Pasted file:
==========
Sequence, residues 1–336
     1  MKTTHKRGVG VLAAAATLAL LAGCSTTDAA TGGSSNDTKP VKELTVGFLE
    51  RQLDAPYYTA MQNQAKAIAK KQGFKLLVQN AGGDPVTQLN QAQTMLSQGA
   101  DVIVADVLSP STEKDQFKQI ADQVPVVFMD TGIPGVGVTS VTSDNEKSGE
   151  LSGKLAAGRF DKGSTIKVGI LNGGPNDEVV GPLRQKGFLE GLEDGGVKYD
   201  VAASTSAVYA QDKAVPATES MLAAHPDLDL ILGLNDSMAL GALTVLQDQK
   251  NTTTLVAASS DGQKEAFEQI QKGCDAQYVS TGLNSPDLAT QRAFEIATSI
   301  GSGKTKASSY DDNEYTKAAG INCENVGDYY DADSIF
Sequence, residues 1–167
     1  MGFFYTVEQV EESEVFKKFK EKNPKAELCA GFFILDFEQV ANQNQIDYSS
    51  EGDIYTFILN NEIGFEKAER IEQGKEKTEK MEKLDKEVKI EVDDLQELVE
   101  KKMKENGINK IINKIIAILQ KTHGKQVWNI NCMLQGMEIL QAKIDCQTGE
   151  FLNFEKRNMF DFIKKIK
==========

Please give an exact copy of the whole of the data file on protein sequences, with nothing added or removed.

Sequence, residues 1–336
     1  MKTTHKRGVG VLAAAATLAL LAGCSTTDAA TGGSSNDTKP VKELTVGFLE
    51  RQLDAPYYTA MQNQAKAIAK KQGFKLLVQN AGGDPVTQLN QAQTMLSQGA
   101  DVIVADVLSP STEKDQFKQI ADQVPVVFMD TGIPGVGVTS VTSDNEKSGE
   151  LSGKLAAGRF DKGSTIKVGI LNGGPNDEVV GPLRQKGFLE GLEDGGVKYD
   201  VAASTSAVYA QDKAVPATES MLAAHPDLDL ILGLNDSMAL GALTVLQDQK
   251  NTTTLVAASS DGQKEAFEQI QKGCDAQYVS TGLNSPDLAT QRAFEIATSI
   301  GSGKTKASSY DDNEYTKAAG INCENVGDYY DADSIF
Sequence, residues 1–167
     1  MGFFYTVEQV EESEVFKKFK EKNPKAELCA GFFILDFEQV ANQNQIDYSS
    51  EGDIYTFILN NEIGFEKAER IEQGKEKTEK MEKLDKEVKI EVDDLQELVE
   101  KKMKENGINK IINKIIAILQ KTHGKQVWNI NCMLQGMEIL QAKIDCQTGE
   151  FLNFEKRNMF DFIKKIK